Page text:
Centre dithers on banning encroachment in river zones
ALL construction activities along the banks of the river Ganga in Allahabad were brought to a halt last month. The Allahabad Development Authority (ADA) issued a moratorium in compliance with a state high court order to stop ongoing projects within 500 metres of the river’s highest flood level.
The court had issued the directive in April while hearing a public interest petition on growing pollution in the Ganga. ADA approached the Supreme Court against the directive, but its appeal was dismissed. The authorities now have time till September 23 to submit the record of plots and areas that got submerged during the 1978 flood, the worst in the past century, for the high court to decide the highest flood level and, accordingly, the inviolate floodplain zone.
“The high court directive sets a precedence in that it perhaps for the first time identifies the river’s natural limit as its highest flood level, and sets a limit to where construction is permitted,” says Manoj Misra, convener of Yamuna Jiye Abhiyan, a campaign group for protection of floodplains.
In 2005, the Delhi High Court had issued a similar direction to remove encroachments within 300 metres of the river Yamuna passing through Delhi. “Then, the court did not define the river and the authorities interpreted the order variously,” adds Misra.
As of now, there is no regulation to protect floodplains from encroachment, where lives are at risk when rivers are in spate. Inevitable is the loss of its ecology as well as groundwater recharge zones.
Though the Union Ministry of Environment and Forests (MoEF) has been attempting to notify a River Regulation Zone (RRZ) on the lines of the coastal regulation zone notification for almost a decade, its efforts have not moved beyond meeting just once. This is despite the fact that the National Institute of Ecology (NIE) in Delhi submitted its draft proposal for the RRZ notification in 2002. The draft proposal, too, seeks to regulate construction activities within 500 metres from the boundary of the floodplain, which is the highest flood level. It has, though, watered down the definition of the highest flood level, from the area that may get inundated once in 100 years to the area that gets flooded once in fifty years.
“If the standard definition is to be used then no further construction as an example would be allowed in Noida, which is unrealistic,” says Brij Gopal, principal draftsperson of the report, justifying his recommendation.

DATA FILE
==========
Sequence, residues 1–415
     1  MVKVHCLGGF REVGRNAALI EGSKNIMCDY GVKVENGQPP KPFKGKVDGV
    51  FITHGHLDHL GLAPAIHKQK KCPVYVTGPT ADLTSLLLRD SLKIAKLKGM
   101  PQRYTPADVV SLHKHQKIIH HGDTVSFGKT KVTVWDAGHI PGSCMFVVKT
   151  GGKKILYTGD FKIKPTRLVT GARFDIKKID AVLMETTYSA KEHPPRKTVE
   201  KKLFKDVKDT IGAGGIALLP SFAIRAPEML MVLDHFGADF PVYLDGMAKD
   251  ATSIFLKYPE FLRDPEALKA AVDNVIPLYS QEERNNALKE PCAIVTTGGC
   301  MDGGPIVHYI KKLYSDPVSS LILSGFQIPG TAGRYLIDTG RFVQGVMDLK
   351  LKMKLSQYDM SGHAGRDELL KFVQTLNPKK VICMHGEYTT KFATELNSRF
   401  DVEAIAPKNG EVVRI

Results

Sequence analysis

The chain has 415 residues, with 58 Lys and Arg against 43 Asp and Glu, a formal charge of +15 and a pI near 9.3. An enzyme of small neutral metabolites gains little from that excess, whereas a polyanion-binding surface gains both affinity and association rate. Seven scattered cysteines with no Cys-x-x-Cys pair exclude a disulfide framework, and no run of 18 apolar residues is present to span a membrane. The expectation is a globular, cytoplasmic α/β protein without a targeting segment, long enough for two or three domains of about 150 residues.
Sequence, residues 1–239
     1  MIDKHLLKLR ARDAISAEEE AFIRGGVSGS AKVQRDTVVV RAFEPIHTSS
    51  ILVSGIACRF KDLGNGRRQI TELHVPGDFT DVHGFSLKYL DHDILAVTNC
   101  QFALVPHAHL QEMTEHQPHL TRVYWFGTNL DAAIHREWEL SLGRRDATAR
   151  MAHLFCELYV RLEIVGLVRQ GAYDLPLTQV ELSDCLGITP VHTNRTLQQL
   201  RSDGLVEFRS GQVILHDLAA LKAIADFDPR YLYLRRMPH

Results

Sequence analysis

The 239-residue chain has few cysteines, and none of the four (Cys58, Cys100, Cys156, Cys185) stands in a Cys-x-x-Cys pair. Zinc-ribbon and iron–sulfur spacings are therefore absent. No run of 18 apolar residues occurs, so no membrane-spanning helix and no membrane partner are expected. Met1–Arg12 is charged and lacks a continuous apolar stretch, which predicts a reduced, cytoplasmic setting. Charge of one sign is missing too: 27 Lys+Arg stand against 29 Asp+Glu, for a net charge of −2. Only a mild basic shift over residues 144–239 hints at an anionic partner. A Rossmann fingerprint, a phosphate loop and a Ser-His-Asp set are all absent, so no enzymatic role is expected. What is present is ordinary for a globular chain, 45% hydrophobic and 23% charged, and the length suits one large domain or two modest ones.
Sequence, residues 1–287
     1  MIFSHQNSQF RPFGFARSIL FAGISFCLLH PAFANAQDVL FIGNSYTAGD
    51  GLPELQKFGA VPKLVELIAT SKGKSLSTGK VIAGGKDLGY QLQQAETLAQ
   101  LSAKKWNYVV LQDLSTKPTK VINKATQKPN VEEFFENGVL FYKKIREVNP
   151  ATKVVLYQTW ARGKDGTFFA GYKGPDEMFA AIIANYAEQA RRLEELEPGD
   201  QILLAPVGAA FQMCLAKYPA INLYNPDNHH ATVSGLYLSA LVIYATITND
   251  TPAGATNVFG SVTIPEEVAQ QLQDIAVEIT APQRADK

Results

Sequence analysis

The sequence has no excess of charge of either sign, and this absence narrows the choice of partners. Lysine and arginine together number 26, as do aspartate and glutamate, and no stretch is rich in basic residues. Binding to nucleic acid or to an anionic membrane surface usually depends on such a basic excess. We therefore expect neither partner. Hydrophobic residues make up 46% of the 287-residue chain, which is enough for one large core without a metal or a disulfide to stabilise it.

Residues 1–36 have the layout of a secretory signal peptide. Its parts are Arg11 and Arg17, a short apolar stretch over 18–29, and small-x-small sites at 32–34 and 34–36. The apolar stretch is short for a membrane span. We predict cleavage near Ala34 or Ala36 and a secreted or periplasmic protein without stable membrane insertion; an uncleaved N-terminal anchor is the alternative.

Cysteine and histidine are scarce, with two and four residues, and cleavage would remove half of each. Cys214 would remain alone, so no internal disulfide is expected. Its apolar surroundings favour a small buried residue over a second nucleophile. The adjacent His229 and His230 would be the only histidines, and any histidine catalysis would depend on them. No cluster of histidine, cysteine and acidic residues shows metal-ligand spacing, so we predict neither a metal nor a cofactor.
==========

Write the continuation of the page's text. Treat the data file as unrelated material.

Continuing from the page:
The ministry is dithering on the matter, says Gopal, also a member of the experts group that MoEF constituted in May this year to draft the RRZ notification.
Ministry officials say there is much background research to be done. “We cannot set any timeframe for notification since it is a complex issue,” says Nalini Bhatt, adviser to the ministry and member of the experts group. The notification will not be retrospective, she clarifies. Gopal argues that if encroachments can be removed retrospectively for road and metro-rail projects, then why not for protecting the ecological services, such as groundwater recharge, that a floodplain provides.
The moot point is that rivers in India have a unique hydrology due to the monsoon patterns and most attain a vast spread over short spells. Then there is no uniform topography. “How can we classify rivers in mountainous terrain, where it hardly swells, as similar to those in the plains. We need different classifications and norms for individual river types and for this the notification needs to be carefully drafted,” says R C Trivedi, a water quality scientist and member of the experts group.
The primary objective of notifying RRZ is to protect people from floods. But in India, the objectives are to prevent dumping of garbage, discharge of untreated wastewater and further encroachment on the floodplains. “Why do we need a separate law for river zones where these are already regulated features,” Trivedi wonders.
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